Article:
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Author Topic: Any benefit to climb vs. regular milling?  (Read 3151 times)

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Any benefit to climb vs. regular milling?
« on: September 05, 2014, 11:51:28 AM »
I notice that importing stuff into LazyCam results in pretty much a climb mill default for all cutting operations.

I'm wondering if this is done for some specific reason?  From my woodworking experiencing, I know a climb cut can provide a nice clean-up pass with stock that wants to tear-out.  But normally we don't climb cut.

I see I can change this with the lead-in settings.  Does everyone leave the climb mill default, or do people only do this for a final clean-up pass?

TIA!

Offline ger21

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Re: Any benefit to climb vs. regular milling?
« Reply #1 on: September 05, 2014, 12:58:05 PM »
First, most of use don't use LazyCAM.
As a woodworker who's been using CNC machines for almost 20 years, I can tell you that I almost never climb cut. The main use of climb cutting wood for me is cutting rabets.

If your cutting plastics or aluminum, then always climb cut.
Gerry

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Re: Any benefit to climb vs. regular milling?
« Reply #2 on: September 05, 2014, 01:29:19 PM »
First, most of use don't use LazyCAM.
As a woodworker who's been using CNC machines for almost 20 years, I can tell you that I almost never climb cut. The main use of climb cutting wood for me is cutting rabets.

If your cutting plastics or aluminum, then always climb cut.

Okay thanks for the feedback.  Is there an easy to explain reason for climb cutting aluminum and plastics?  Does it have something to do with the way the chips are formed or something?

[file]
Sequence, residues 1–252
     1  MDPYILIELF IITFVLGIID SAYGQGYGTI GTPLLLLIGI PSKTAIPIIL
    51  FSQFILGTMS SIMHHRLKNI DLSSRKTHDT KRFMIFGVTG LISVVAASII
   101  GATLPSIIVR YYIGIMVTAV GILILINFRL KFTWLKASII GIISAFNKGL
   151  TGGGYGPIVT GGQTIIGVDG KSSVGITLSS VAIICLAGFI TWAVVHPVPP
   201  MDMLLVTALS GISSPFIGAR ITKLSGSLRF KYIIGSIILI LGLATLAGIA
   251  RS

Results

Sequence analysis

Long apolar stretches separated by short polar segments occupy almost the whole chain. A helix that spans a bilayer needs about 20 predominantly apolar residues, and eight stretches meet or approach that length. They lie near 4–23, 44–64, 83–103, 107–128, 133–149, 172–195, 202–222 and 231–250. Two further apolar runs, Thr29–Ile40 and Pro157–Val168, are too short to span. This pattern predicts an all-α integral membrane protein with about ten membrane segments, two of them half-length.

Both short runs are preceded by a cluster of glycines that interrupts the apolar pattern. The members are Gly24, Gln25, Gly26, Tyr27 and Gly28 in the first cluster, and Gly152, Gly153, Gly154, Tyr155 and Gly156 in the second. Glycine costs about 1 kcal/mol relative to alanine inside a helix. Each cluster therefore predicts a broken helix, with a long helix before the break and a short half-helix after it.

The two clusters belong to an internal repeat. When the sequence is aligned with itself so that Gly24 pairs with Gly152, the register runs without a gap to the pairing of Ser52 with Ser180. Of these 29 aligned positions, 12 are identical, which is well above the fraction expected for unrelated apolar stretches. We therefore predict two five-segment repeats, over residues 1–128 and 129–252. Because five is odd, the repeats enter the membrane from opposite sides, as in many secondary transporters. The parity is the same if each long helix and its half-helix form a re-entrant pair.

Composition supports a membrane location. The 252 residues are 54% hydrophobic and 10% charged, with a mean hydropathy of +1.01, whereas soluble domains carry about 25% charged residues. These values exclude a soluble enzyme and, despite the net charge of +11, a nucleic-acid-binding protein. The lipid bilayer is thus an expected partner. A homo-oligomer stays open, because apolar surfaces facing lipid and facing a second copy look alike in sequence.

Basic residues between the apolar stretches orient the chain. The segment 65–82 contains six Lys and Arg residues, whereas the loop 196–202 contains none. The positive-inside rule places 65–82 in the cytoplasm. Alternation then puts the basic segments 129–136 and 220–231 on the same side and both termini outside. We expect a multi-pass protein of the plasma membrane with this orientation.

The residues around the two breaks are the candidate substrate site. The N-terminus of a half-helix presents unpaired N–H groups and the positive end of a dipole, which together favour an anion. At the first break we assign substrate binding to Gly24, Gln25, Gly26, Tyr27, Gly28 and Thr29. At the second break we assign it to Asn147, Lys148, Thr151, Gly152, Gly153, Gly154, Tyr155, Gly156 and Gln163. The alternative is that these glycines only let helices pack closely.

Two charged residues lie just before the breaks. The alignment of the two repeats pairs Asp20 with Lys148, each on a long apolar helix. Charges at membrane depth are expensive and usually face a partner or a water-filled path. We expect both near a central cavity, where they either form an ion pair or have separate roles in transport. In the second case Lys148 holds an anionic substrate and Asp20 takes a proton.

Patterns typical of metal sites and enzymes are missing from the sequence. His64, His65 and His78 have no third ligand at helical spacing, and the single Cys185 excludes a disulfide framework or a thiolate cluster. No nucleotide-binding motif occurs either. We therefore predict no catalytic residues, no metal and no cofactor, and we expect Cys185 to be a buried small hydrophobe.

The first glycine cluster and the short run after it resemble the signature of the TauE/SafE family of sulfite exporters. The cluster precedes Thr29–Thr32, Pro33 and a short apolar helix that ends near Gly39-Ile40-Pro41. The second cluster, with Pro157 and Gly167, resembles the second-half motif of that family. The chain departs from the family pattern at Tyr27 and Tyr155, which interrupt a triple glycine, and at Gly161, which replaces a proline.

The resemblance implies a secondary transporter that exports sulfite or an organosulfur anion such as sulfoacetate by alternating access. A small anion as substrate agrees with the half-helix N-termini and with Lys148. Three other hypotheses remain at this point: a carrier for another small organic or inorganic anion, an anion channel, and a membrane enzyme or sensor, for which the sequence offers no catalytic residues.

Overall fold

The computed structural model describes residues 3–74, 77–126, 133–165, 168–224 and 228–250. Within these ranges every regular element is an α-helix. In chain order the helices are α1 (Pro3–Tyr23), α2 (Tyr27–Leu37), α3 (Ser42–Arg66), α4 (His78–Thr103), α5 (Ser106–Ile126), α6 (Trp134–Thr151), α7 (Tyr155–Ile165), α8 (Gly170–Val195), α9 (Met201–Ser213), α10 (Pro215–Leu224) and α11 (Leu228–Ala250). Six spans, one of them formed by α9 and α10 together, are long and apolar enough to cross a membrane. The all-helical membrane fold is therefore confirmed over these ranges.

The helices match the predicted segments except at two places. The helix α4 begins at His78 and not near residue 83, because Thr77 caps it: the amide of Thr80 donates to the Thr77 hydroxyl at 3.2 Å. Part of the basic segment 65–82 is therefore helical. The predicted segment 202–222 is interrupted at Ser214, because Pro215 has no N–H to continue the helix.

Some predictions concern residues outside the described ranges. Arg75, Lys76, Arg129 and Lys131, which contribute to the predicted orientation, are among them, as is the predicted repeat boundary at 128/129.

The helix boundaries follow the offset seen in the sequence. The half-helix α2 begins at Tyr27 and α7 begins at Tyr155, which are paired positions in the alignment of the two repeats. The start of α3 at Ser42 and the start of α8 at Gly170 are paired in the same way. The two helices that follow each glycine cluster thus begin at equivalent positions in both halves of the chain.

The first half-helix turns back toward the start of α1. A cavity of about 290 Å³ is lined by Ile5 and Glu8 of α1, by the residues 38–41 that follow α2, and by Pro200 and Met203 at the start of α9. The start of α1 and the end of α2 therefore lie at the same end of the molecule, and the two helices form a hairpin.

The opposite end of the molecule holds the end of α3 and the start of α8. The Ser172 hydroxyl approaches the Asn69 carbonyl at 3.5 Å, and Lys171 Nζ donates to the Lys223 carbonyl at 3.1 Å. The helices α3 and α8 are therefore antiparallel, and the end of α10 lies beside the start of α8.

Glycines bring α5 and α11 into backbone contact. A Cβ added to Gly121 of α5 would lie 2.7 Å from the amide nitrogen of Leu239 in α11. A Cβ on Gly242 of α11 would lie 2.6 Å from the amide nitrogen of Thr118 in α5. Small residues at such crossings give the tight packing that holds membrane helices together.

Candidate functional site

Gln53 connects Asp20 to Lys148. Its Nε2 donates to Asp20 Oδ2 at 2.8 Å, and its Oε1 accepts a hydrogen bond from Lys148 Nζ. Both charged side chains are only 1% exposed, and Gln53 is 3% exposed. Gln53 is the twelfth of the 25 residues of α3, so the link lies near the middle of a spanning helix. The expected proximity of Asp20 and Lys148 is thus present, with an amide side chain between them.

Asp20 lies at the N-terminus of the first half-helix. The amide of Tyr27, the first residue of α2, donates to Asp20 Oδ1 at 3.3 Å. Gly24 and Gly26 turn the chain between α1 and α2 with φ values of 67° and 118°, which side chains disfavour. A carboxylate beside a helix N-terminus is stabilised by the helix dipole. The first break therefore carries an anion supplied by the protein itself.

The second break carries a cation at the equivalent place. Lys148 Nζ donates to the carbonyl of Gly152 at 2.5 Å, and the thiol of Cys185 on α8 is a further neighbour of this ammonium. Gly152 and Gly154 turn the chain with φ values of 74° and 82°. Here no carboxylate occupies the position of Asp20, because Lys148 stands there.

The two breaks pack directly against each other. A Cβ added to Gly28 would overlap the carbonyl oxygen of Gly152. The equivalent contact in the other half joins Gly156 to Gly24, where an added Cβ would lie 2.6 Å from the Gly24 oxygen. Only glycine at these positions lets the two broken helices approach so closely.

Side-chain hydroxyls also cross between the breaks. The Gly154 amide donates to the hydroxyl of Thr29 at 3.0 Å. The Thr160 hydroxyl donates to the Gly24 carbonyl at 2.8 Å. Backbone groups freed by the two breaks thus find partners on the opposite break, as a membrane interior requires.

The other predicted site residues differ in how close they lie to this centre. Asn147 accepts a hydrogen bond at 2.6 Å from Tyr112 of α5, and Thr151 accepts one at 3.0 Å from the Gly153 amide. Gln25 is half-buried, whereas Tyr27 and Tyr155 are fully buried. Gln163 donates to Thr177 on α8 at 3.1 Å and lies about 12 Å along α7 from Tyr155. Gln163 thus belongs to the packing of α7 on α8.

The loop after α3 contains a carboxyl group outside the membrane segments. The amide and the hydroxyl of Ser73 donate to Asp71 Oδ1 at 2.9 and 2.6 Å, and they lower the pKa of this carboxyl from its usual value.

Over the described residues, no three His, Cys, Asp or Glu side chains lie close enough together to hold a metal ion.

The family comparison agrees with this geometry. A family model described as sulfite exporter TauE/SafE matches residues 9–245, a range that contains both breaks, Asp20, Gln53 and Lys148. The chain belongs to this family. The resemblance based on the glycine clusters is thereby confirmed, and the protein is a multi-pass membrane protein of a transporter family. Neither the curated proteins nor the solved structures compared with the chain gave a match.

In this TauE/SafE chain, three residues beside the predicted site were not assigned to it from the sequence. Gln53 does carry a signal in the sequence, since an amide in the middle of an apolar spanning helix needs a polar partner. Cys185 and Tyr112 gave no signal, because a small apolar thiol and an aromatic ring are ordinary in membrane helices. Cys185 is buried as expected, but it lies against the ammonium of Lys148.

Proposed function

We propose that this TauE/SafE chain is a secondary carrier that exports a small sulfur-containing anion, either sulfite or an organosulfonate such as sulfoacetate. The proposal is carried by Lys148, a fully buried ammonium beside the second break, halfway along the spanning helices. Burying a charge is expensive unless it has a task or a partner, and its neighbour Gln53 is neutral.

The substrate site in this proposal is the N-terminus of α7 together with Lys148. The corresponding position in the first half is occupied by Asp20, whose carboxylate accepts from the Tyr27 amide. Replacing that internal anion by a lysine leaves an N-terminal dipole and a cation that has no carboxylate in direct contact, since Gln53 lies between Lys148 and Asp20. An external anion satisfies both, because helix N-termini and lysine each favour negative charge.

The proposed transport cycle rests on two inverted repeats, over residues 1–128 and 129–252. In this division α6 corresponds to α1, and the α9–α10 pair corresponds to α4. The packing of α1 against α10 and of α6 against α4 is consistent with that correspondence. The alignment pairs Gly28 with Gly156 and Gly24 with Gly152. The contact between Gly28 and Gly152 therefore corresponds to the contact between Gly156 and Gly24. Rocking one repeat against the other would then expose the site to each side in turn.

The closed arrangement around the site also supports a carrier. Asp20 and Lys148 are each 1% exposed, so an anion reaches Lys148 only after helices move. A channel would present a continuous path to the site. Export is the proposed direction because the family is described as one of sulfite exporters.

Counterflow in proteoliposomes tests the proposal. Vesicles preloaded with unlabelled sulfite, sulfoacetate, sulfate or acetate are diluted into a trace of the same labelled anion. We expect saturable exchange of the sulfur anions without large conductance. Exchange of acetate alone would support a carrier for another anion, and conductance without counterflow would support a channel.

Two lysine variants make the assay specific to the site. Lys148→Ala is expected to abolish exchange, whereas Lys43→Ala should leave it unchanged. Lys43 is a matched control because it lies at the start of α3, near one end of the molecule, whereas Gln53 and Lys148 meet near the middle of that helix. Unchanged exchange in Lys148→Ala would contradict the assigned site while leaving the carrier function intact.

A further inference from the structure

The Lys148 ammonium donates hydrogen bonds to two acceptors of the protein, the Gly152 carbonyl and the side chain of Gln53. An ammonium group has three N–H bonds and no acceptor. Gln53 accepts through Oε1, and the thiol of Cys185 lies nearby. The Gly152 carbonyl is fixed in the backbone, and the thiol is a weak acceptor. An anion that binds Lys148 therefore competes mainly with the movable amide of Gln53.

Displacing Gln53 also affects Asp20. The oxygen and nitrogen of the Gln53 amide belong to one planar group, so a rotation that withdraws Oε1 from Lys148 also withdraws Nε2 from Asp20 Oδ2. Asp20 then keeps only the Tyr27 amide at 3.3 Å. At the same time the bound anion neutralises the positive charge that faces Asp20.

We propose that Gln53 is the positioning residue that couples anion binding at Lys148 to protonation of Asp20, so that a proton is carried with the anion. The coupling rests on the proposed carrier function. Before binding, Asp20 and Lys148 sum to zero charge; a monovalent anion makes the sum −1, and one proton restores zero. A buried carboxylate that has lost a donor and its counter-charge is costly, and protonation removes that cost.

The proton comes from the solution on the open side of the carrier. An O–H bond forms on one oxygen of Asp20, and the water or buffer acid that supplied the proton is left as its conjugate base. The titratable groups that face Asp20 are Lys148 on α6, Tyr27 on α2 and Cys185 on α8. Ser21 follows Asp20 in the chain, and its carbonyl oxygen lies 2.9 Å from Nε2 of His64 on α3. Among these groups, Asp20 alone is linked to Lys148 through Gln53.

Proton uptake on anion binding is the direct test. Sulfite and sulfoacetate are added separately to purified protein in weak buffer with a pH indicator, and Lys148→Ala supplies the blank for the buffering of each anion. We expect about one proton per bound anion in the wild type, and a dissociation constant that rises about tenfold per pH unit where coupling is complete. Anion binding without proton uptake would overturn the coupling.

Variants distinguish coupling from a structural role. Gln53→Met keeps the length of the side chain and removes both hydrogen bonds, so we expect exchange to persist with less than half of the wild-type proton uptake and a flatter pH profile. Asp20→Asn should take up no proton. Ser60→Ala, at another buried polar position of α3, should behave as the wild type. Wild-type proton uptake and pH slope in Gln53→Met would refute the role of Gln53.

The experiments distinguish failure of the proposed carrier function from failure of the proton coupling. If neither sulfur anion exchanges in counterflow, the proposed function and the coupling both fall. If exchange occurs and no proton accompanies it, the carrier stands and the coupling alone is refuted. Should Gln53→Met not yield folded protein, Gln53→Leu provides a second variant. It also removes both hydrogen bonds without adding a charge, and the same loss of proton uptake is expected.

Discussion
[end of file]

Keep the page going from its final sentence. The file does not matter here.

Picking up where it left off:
Re: Any benefit to climb vs. regular milling?
« Reply #3 on: September 05, 2014, 10:38:41 PM »
Climb cutting requires a tight machine with low backlash otherwise the cutter pulls itself into the material. CNC and ballscrews and such changed that part of the process.

On metals with conventional cutting the cutting edge is sliding along the surface until enough pressure builds up that it starts to peel off the chip and the chip gets thicker as you go up to your feed per tooth. In climb milling the tooth enters the material at full feed per tooth, there is no sliding and the chip gradually thins out until it breaks off.  On metals that work harden the material gets hardened by the sliding in conventional milling but not with climb.  So your tool lasts longer.

Offline Sam

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Re: Any benefit to climb vs. regular milling?
« Reply #4 on: September 06, 2014, 02:24:09 PM »
The main reason why I climb mill, is because of tool flex. If you conventional mill, the tool flexes to the inside, as to decrease the dimensions of your part (=bad). If you climb mill, tool flex is to the outside, so there are no worries about ruining a part due to your part ending up to small. Usually, my process for milling is...rough pass with roughing cutter, finish pass with same roughing cutter, then finishing pass with finishing cutter. If you were to conventional mill using this same strategy, then any time you needed to tweak your feed rate, or spindle RPM, it would have a greater impact on the next step, because of the tool flex amount, such as--to much material needing removed for the finishing pass (bad), or not enough material left to even have a finishing pass (ruined part bad). There's simply a lot more time/aggravation/risk to tweak a conventional mill tool path, rather than a climb path. That's my opinion on it, anyhow.
"CONFIDENCE: it's the feeling you experience before you fully understand the situation."